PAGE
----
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Holladay Journal

All aboard for a historic event: The Golden Spike’s sesquicentennial celebration

May 07, 2019 01:32PM ● By Christy Jepson

A picture of the reenactment of the Golden Spike historic event of May 1869. (Photo Golden Spike National Historical Park)

By Christy Jepson | [email protected]

It is one of the greatest moments in US history and it happened at Promontory Summit, Utah. On May 10, 1869 at 12:47 p.m. the final spike was driven into a railroad tie that joined the Central Pacific and Union Pacific rail lines. A telegraph was immediately sent to President Ulysses S. Grant, that read D-O-N-E. This year celebrates the 150th anniversary of that historic event.  

Governor Gary Herbert has declared 2019 as the Year of the Train. There will be more than 150 statewide events and activities that will occur throughout the year, celebrating this sesquicentennial anniversary, under the theme of Spike 150. Places all over Utah are hosting art exhibits, concerts, lecture series, bike races and train exhibits to help educate community members about Utah’s part in railroad history. 

The culminating event and celebration will be at the Golden Spike National Historical Park May 10-12 and will include three days of fun and educational activities for visitors of all ages.    

On the morning of May 10, two replica engines, Jupiter and #119 will arrive, which will kick off the event. The sesquicentennial celebration ceremony will follow which will include remarks by local dignitaries with the keynote address by renowned presidential scholar, Jen Meacham, a Pulitzer Prize-winning author, contributing writer to The New York Times Book Review and contributing editor at TIME.  

A musical presentation and world premiere of “As One” will then be performed by a chorus and a band of more than 250 elementary school students from 29 counties in Utah. The new musical is composed and produced by Stephen Nelson, lyricist and vocalist Anjanette Mickelsen, and directed and choreographed by Jennifer Parker Hohl, and the executive producer is Craig Jessop. KSL Channel 5 and Utah Education Network (UEN) will broadcast “As One” live from Promontory Summit to classrooms and homes throughout the state.

“Spike 150 was created to commemorate and celebrate the 150th anniversary of the historic completion of America’s First Transcontinental Railroad. Spike 150’s goal is to educate, inspire and unite all Utahns. Offering school kids a chance to watch the anniversary celebration at Promontory is one way to do this,” said Cindy Gubler, the media and communications director for Spike 150.

Following the musical production, visitors will be able to participate in other festival activities such as: storytelling, concerts, an immersive railroad worker’s village, a mountain man camp, interactive exhibits that compare 19th century innovation, a steam train demonstration, and a Native American camp. Food, drinks, commemorative merchandise and souvenirs will also be for sale.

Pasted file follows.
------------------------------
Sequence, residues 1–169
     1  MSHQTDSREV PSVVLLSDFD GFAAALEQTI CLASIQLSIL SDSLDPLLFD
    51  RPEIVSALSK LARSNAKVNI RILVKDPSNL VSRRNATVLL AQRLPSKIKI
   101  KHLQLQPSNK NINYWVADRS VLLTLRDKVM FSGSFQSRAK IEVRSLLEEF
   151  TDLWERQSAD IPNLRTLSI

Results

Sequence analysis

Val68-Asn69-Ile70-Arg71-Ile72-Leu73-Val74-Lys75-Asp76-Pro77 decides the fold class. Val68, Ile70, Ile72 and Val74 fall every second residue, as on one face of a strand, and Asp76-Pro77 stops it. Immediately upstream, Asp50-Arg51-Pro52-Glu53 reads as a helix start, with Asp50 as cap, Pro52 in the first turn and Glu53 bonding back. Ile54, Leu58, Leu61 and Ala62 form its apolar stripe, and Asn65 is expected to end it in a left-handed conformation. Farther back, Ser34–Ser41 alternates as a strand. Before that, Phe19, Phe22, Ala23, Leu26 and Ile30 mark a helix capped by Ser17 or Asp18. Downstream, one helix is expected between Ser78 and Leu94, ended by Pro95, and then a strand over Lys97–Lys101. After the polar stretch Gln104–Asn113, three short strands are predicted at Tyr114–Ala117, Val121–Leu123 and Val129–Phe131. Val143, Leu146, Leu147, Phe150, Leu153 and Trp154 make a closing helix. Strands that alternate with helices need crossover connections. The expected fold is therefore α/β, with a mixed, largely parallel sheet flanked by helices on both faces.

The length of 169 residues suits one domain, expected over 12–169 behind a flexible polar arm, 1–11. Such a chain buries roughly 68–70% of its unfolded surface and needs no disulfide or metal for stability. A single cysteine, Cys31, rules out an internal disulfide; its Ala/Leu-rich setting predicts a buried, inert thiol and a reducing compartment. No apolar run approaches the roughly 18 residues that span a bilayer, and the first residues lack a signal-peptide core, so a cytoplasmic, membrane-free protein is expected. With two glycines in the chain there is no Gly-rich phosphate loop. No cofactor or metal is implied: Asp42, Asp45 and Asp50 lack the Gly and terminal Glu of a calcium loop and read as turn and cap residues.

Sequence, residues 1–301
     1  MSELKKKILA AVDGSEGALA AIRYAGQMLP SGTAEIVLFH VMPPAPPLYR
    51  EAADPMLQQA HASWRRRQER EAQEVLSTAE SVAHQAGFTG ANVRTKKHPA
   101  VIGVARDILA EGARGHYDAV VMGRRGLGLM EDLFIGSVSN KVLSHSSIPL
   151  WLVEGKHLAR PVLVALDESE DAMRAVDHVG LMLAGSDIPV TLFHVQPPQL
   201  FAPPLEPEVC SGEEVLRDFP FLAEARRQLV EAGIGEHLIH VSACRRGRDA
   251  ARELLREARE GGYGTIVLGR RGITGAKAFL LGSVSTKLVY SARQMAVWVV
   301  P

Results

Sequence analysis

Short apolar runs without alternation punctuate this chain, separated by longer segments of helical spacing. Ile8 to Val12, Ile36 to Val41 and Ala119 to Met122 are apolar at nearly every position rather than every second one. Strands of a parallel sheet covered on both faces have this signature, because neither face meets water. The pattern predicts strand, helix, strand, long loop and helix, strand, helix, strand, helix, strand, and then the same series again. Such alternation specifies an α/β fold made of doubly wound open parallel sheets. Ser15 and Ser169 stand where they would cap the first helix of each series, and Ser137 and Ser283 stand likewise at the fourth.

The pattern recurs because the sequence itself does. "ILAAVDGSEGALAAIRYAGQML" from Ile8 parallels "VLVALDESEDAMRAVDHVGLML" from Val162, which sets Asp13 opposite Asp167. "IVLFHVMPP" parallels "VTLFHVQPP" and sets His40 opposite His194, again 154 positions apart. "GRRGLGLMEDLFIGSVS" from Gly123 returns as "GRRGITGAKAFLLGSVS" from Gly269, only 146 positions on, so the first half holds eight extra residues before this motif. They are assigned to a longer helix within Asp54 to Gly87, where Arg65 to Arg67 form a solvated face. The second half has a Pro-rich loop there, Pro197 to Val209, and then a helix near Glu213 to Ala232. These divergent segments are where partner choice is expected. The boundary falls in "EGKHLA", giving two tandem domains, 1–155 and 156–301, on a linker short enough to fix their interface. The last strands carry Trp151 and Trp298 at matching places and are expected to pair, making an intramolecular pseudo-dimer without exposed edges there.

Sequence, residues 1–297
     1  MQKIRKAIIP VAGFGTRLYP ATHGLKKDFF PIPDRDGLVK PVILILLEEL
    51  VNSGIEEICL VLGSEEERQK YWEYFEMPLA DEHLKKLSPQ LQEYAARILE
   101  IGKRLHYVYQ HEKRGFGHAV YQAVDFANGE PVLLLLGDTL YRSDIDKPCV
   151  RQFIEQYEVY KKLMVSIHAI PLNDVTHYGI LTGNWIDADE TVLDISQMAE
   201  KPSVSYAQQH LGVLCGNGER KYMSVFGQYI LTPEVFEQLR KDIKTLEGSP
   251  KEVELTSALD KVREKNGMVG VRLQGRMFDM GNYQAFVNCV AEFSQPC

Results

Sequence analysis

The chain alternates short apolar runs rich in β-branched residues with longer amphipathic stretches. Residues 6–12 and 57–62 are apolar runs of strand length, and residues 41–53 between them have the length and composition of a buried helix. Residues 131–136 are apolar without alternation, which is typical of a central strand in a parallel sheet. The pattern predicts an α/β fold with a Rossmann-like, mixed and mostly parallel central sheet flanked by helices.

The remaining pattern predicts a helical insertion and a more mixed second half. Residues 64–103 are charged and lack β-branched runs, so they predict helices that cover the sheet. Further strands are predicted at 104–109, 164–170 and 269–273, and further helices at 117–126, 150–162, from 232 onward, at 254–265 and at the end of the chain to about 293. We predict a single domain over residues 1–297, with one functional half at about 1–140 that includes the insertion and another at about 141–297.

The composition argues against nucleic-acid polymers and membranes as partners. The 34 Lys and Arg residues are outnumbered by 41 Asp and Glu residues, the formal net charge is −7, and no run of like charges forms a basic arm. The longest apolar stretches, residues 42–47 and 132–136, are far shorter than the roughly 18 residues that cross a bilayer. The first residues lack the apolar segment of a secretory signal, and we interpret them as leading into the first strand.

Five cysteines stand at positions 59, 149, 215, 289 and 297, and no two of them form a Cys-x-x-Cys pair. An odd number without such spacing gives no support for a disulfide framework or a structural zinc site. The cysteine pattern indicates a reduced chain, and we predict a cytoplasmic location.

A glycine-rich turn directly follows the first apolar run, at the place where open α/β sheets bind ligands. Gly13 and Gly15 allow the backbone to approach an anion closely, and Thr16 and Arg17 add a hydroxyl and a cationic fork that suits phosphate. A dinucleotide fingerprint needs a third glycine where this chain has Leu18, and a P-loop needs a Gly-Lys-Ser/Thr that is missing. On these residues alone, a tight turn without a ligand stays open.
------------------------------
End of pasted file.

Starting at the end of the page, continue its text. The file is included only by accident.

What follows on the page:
According to Gubler, this is a historic moment for Utahns. “The anniversary celebration offers people an opportunity to step out on the site where history was made in 1869 and be a part of history in 2019. It is a memory and experience they will carry with them for the rest of their lives.”  

It was the great race between the Central Pacific and Union Pacific Railroad companies to see who could get to the meeting spot first. The race started in 1862 and was finally completed in 1869. Before the First Transcontinental Railroad was built the cost to travel across the country in the 1800s was about $1,000. The price dropped to around $150 thanks to the new east to west railroad line. 

Coming from the east by Omaha, Nebraska the Union Pacific Railroad Company laid 1,086 miles of track.  The track from Sacramento, California to Promontory Summit was only 690 track-miles. The hardest and most dangerous part of the work was blasting a dozen tunnels, one that was 1,659 feet long and 20 feet high through the Sierra Nevada mountain range with gunpowder and nitroglycerine to help blast through the granite. This incredibly hard intense labor wouldn’t have happened without the 20,000 Chinese immigrants that were hired to help work on the Central Pacific line.  

What did the completion of this First Transcontinental Railroad mean for the United States? This event would forever change how people and freight traveled, it would enhance economic growth and unify the nation. What once took a few months to get across the country now would take only a few days. 

The public is invited to join the celebrations of this historic anniversary at the Golden Spike National Historical Park May 10-12.  Access to the park is by private car or chartered bus only with each car requiring a ticket purchased in advance online. The fee per vehicle is $20 on May 10. On May 11 and 12 the fee per vehicle is $10 per day. There is no additional fee to enter the Golden Spike National Historical Park. The park is 32 miles west of Brigham City via Utah Highway 83. It is noted on their website that some GPS maps have misdirected visitors. To get detailed directions visit the Golden Spike page on the National Park Service website or